Growing up, many children may have heard their mothers say, “Eat your carrots – they’re good for your eyes!”
While carrots are high in plant carotenoids that produce vitamin A, they are not at the top of the ocular superstar food list.
Some of the most beneficial foods for maintaining eye health at any age include the following foods: spinach, oysters, green tea, walnuts, pumpkin, goji berries and salmon.
We’ll discuss some of the reasons why these foods are beneficial.
Spinach, and its cousin kale contain large quantities of the nutrient lutein, which has been linked to a reduced risk of cataract surgery. Spinach also contains carotenoids beta-carotene and zeaxanthin, both important nutrients for eye health.
Gogi berrys are readily found in dried form in the Asian section of most supermarkets, and are the super food of the eye health world. According to nutritionists, they have the highest content of zeaxanthin of any food known.
Salmon is rich in omega-3 fatty acids and it’s the fatty acids that help to lower the risk of macular degeneration in adults. Nutrients in salmon also protect against glaucoma and dry eye.
Oysters aren’t for everyone, but they are packed with more zinc than practically any other food. Nutrition experts say that zinc aids in bringing vitamin A from the liver, where it is stored, to the retina in your eye to produce melanin, a protective eye pigment. Oysters have nearly 500 percent of the daily value of zinc.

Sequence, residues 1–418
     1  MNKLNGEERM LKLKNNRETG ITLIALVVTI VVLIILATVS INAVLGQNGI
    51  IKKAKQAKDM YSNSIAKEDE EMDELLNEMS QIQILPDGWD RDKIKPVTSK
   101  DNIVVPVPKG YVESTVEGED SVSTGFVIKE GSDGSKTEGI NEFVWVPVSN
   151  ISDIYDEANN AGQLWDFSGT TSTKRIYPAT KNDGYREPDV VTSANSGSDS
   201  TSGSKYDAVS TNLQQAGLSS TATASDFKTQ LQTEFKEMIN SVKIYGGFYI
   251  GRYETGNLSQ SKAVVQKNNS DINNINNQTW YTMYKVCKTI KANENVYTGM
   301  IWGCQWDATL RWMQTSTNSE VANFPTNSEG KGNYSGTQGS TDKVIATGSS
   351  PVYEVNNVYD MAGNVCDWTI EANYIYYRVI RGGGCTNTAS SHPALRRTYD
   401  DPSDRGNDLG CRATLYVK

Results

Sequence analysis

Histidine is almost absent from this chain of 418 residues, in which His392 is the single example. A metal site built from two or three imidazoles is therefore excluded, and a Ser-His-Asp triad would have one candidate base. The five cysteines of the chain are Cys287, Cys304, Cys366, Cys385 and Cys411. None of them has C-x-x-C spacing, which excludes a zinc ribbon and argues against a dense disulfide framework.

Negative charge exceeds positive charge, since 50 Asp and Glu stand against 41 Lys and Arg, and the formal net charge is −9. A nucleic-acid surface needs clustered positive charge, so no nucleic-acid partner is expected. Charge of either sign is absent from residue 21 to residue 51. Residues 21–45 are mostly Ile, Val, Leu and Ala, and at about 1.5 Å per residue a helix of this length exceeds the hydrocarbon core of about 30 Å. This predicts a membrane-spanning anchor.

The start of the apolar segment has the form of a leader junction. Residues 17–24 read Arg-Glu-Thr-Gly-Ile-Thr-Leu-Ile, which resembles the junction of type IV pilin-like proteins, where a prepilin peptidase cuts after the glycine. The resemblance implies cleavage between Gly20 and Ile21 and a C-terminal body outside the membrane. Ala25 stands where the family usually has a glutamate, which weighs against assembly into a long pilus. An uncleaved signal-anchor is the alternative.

Green tea is a rich source for a variety of flavonoids, a family of antioxidants that help protect the retina from solar radiation damage. Researchers found that green tea consumption has been associated with lower risks of certain types of glaucoma in animal studies.
Walnuts are a rich source of plant-based omega fatty acids, which are different from the variety found in seafood. These fatty acids may also help maintain vascular health, like blood flow and lipid levels, which is critical to how the eyes, as well as the rest of the body, functions.
Pumpkin is a very good source of lutein and zeaxanthin, the carotenoids regarded by many experts as some of the most important nutrients for preventing age-related eye disease. Both of these protect the macula of the eye, and can be very beneficial for older people whose diets may lack the nutrients that make them more susceptible to age-related macular degeneration.
While eating healthy foods is a great way to protect eye health, it’s important to have regular checkups with your Optometric Physician.
William C. Womble, O.D.
1822 Huntsville Hwy, Suite D